U.S. Trade Battle Must Begin at Home

<i> Ernest Conine writes a column for The Times. </i>

President-elect George Bush hasn’t laid out his agenda as yet. But associates say that, despite his lack of emphasis on the subject in campaign speeches, he feels strongly about the need to strengthen the competitive position of America.

We should all hope that this is the case.

America is still a rich country. But we are like a family living in the biggest house in town--the foundations of which are being eaten away.

In 1981 America led the world in technology and in financial and military power. We may still be supreme in military muscle, but not in the other two categories.


Color television and the VCR were first developed in this country. So were transistors, integrated circuits, microprocessors, optical fibers, robots and a host of other technologies.

Yet by 1984 Tokyo’s Long Term Credit Bank could boast that Japan had taken the lead in virtually all of these areas, as well as in semi-conductor lasers, carbon fibers, office copiers and facsimile equipment.Our own National Academy of Engineering concluded last year that, of 34 critical technologies, the Japanese were superior in 25 of them.

And the trend continues. While U.S. researchers are holding their own in the critical new field of super-conductors, American industry is well behind that of the Japanese in the development of superconductor applications.

The United States is out in front with super-computers and biotechnology, but the Japanese are driving for supremacy in those areas, too.


Meanwhile, U.S. industry is already being left behind by the Europeans and the Japanese in the important new field of high-definition television.

The pattern has been for pioneering discoveries to be made in American universities and laboratories, only to have the Japanese (and sometimes others) emerge supreme in product development and market share. Now even the U.S. lead in research is being undermined.

The United States still leads in total research and development, but too much of the American effort is concentrated in the defense sector, where applications are often irrelevant to commercial product development.

The U.S. trade balance has improved this year, but the deficit is still huge--and threatens to remain so. We are balancing the books by borrowing from abroad and selling off our assets.

Angry rhetoric and protectionism are not the answer. After all, the governments of competing nations are only doing what they believe is best for their people. It makes much more sense to demand that American government, business, education and other institutions work with the same intelligence and dedication in our behalf.

The emergence of Japan to economic supremacy didn’t just happen. In his excellent book, “Trading Places,” Clyde V. Prestowitz outlines how history has given the Japanese a deeply rooted instinct to maximize exports and minimize imports, to resist a significant foreign economic presence in Japan, to dominate whatever markets they enter and to exploit everybody else’s technology while restricting access to their own.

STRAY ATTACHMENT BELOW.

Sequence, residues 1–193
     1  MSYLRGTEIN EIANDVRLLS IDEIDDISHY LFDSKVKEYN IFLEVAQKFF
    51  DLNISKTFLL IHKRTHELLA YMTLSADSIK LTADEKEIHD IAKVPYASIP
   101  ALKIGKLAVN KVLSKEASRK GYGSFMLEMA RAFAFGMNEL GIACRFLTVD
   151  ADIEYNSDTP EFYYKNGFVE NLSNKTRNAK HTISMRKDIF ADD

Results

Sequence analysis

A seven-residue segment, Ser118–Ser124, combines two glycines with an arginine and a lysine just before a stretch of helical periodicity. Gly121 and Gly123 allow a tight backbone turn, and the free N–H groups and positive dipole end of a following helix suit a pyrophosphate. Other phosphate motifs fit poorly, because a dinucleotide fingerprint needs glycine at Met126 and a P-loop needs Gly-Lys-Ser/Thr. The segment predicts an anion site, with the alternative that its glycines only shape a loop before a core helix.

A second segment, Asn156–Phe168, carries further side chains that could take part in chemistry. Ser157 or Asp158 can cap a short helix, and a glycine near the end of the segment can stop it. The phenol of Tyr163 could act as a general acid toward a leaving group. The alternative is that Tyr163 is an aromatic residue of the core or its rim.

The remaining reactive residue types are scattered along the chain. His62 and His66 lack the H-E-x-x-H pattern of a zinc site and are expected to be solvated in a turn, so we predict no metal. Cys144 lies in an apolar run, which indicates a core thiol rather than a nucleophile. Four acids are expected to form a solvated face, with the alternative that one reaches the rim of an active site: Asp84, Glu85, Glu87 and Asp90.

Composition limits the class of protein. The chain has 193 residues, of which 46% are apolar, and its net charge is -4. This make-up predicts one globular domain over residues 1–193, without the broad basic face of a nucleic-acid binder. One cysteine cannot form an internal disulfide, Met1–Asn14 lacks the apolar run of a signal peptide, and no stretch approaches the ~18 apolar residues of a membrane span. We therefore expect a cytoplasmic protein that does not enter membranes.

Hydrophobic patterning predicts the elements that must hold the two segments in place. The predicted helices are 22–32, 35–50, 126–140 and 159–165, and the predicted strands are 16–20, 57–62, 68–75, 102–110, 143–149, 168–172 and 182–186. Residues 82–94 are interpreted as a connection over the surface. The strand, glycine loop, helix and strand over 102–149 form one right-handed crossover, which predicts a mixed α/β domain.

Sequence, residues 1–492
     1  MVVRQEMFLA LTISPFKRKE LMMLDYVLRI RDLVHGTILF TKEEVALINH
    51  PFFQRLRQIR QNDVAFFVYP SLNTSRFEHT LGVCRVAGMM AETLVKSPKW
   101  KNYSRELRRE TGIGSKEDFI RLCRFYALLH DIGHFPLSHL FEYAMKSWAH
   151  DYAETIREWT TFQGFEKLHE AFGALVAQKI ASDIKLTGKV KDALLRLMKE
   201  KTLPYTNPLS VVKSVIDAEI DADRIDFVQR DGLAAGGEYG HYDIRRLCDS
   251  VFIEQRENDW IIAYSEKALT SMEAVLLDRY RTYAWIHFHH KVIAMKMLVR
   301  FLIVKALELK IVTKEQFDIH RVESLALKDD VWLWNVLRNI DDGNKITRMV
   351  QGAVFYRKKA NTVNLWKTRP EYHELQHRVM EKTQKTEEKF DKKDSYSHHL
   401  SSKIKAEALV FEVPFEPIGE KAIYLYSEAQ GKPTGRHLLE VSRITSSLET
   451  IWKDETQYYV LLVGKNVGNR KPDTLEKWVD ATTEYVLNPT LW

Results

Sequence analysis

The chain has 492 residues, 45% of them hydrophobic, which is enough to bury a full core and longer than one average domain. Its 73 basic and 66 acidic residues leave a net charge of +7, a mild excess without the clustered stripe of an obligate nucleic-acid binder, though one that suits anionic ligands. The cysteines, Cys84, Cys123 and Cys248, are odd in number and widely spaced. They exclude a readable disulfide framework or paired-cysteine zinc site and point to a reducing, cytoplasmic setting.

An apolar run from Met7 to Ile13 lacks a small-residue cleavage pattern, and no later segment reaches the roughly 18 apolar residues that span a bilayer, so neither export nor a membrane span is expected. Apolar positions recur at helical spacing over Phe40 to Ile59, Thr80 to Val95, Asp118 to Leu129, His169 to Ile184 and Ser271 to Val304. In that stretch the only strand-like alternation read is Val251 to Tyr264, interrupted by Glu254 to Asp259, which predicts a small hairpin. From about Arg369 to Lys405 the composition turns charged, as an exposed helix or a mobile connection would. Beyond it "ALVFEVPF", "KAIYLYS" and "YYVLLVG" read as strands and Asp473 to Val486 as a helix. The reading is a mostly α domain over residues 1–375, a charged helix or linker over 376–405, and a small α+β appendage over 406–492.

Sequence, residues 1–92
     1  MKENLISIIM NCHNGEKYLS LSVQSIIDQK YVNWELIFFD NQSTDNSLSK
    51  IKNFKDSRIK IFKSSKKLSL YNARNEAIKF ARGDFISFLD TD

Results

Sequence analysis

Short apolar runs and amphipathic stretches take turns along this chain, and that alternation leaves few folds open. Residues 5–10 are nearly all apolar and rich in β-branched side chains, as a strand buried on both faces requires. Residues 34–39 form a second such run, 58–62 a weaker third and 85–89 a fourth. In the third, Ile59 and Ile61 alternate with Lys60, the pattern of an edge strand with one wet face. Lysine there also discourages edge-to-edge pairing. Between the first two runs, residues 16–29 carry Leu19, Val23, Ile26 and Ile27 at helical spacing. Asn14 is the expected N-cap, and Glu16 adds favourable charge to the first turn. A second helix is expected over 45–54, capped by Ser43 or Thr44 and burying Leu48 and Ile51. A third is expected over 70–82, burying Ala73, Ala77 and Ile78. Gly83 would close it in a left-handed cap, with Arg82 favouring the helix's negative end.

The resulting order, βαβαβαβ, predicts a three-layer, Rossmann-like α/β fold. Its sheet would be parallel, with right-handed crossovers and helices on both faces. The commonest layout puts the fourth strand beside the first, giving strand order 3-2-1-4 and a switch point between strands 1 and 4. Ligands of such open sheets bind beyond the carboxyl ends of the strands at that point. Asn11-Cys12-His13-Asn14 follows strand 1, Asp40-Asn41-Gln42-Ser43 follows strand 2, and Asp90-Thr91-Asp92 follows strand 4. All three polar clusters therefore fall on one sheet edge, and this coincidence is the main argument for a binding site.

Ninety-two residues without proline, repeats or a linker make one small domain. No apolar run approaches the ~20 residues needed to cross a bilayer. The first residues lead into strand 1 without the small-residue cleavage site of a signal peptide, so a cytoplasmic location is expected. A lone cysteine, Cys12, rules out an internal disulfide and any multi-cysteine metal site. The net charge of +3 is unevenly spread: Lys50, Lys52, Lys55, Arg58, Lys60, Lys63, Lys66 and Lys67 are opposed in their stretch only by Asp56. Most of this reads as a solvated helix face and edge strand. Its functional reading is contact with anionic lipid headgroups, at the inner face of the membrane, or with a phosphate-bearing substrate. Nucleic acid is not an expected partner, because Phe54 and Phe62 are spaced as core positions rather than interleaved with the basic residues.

The Japanese government has officially embraced a policy of encouraging more imports while depending less on exports to drive the economy. But there is no sign of a real change in the national mind-set.

Part of that mind-set is close cooperation between business and government. Companies work closely with the powerful Japanese economic ministries in deciding which new product areas and technologies should be developed. Then they go to work to excel in the targeted areas with full government support.


That support has frequently taken the form of arrangements for low borrowing costs, help in organizing consortiums for joint action and protectionist measures to hold foreign competitors at bay while the Japanese effort proceeds.

Prudent use of the new U.S. trade law to try to enforce reciprocal treatment can help. But a lot of experts believe that the larger need is for structural changes in America’s own economic and trading environment.

It’s ludicrous, for example, that the tax laws actually encourage corporate borrowing for debilitating takeovers that reduce the capital available for research and development.

It is irrational to have antitrust laws that discourage the pooling of resources among American companies but fail to deal with the cartel-like practices of their overseas competitors.

It makes no sense that Japanese scientists have access to the universities and institutes where American discoveries are made but that our people lack comparable access to Japanese laboratories.

Strong presidential leadership is needed not just to make the needed changes in government policies but also to do some evangelical work with American business people.

Japanese companies, for example, like to make a profit--but within the framework of what is good for Japanese society as a whole. To a lot of today’s American corporate leaders, that sort of thinking is laughably old-fashioned. But it’s one that the American people deserve to have taken seriously.